This story is published in a content partnership with POLITICO. It was originally reported by Marc Caputo on politico.com on February 13, 2019.
Billionaire philanthropist Michael Bloomberg is preparing to spend at least US$500 million from his own pocket to deny US President Trump a second term, according to Democratic operatives briefed on his plans.
Bloomberg has not yet announced whether he will run in the Democratic primary.
If he runs, he will use that half-billion-dollar stake – roughly US$175 million more than the Trump campaign spent over the course of the entire 2016 election cycle – to fuel his campaign through the 2020 primary season, with the expectation that the sum represents a floor, not a ceiling, on his potential spending.
If Bloomberg declines to seek the presidency, his intention is to run an unprecedented data-heavy campaign designed to operate as a shadow political party for the eventual Democratic nominee.
“That’ll get us through the first few months,” Kevin Sheekey, a top adviser to the former New York City mayor, told POLITICO when asked about the US$500 million plan, which is just 1 per cent of Bloomberg’s estimated net worth.
“Mike spent US$100 million in his last New York City election. And you can do the math as you think more broadly but New York City is 3 per cent of the national population,” Sheekey said.
“I’m not suggesting it’s straight math. But I’m suggesting that when Mike Bloomberg is committed to making a difference and seeing something though, generally speaking he’s pretty unabashed in doing so.”
To that end, Bloomberg has assembled a political team that, since late November, has been meeting at least once weekly in the Manhattan headquarters of Bloomberg Philanthropies to consider what some aides have called “Plan A” and “Plan B”.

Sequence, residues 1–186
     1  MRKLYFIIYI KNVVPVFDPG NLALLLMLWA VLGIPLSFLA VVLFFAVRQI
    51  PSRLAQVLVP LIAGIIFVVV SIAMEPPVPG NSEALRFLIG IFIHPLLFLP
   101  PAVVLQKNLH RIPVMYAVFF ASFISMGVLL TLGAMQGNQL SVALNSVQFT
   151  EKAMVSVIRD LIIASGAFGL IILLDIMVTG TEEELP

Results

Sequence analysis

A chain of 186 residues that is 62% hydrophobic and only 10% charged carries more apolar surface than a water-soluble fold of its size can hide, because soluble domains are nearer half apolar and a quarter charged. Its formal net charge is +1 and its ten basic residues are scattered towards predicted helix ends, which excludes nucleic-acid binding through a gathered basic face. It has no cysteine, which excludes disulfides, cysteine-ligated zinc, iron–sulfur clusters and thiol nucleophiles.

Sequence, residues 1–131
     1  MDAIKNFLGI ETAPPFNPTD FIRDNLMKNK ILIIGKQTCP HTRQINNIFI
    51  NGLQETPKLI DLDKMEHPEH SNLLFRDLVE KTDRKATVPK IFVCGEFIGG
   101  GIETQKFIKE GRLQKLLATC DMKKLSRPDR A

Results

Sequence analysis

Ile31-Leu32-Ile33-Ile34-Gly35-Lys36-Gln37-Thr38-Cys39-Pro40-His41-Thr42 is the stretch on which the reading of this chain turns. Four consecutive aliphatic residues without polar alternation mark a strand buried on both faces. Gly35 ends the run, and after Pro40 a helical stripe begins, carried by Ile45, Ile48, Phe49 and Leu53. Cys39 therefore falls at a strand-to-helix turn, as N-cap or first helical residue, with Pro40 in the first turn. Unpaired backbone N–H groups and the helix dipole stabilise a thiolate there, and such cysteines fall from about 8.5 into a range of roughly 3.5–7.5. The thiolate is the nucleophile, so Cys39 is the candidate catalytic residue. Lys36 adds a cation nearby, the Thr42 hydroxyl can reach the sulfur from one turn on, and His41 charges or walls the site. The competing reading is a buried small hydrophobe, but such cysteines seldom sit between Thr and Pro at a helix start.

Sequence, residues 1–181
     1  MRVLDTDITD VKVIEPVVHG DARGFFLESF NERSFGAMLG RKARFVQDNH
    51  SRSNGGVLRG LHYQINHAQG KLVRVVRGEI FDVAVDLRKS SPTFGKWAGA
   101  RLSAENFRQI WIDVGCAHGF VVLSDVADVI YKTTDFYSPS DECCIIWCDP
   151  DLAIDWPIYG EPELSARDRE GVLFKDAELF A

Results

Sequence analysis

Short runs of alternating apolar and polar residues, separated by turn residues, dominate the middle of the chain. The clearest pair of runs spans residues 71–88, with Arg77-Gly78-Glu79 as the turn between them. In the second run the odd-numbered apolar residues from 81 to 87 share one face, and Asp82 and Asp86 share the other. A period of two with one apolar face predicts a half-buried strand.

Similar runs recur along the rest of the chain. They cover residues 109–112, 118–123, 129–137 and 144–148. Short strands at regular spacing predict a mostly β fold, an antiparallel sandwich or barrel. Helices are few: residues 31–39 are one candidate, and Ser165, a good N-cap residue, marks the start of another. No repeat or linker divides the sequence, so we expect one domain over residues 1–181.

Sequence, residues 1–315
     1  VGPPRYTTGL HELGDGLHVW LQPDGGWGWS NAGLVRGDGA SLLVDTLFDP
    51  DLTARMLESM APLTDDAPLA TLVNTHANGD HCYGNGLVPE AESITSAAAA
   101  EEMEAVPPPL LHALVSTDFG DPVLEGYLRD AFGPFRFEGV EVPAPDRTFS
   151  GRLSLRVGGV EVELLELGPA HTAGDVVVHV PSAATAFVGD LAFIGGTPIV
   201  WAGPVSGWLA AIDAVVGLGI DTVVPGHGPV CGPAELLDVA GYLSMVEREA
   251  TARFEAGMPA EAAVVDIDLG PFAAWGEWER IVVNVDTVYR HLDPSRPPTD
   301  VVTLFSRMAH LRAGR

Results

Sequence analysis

Plan A is straightforward: Bloomberg runs for president as a Democrat, not as an independent candidate as he had mused privately in the past.
According to Plan B, Bloomberg uses all the data – ranging from meticulously researched profiles of voters to polling data on the top issues that move the electorate – and field staff to help the otherwise-outgunned Democratic Party nominee to end Trump’s presidency.
Bloomberg said Friday at an Orlando event that he’ll make a decision in “three more weeks”.
He also made clear that he’s not waiting on former vice-president Joe Biden, who’s also mulling a bid for president and who, Bloomberg advisers acknowledge, could draw from the same pool of moderate primary voters.
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“My decision doesn’t depend on what other people are going to do,” Bloomberg told the AP.
“My decision depends on whether or not I think I can make a difference.”
Still, the subject of Biden has come up in discussions with those who have discussed Bloomberg’s options with his team.
In those conversations, Democratic operatives say, Bloomberg’s team members have indicated that they’re polling and conducting focus groups, and are familiar with primary election calendar and the complicated politics of wringing delegates from various states.
They’re also under no illusions about the difficulties of a Democratic Party newcomer running as a centrist in a progressive primary.
But Bloomberg’s aides are operating under the assumption that while the billionaire can’t buy the nomination, hundreds of millions of dollars can put him in contention.
“Five hundred million is just an obscene amount of money. It’s crazy, enough to buy up all the TV ad inventory in the seven or eight states that really matter in a primary,” said a Democratic consultant familiar with the plans who privately shared information from a conversation with a top Bloomberg adviser.
The consultant said it was unclear what Bloomberg would ultimately decide. But the mission would be similar either way.
“They’re going to do the infrastructure and logistical work to fill in the gaps for the state and national parties so that whoever the nominee is would inherit a state-of-the-art, fully functioning infrastructure,” the consultant said.
“It’s being done with a clear and specific purpose: stopping Donald Trump.”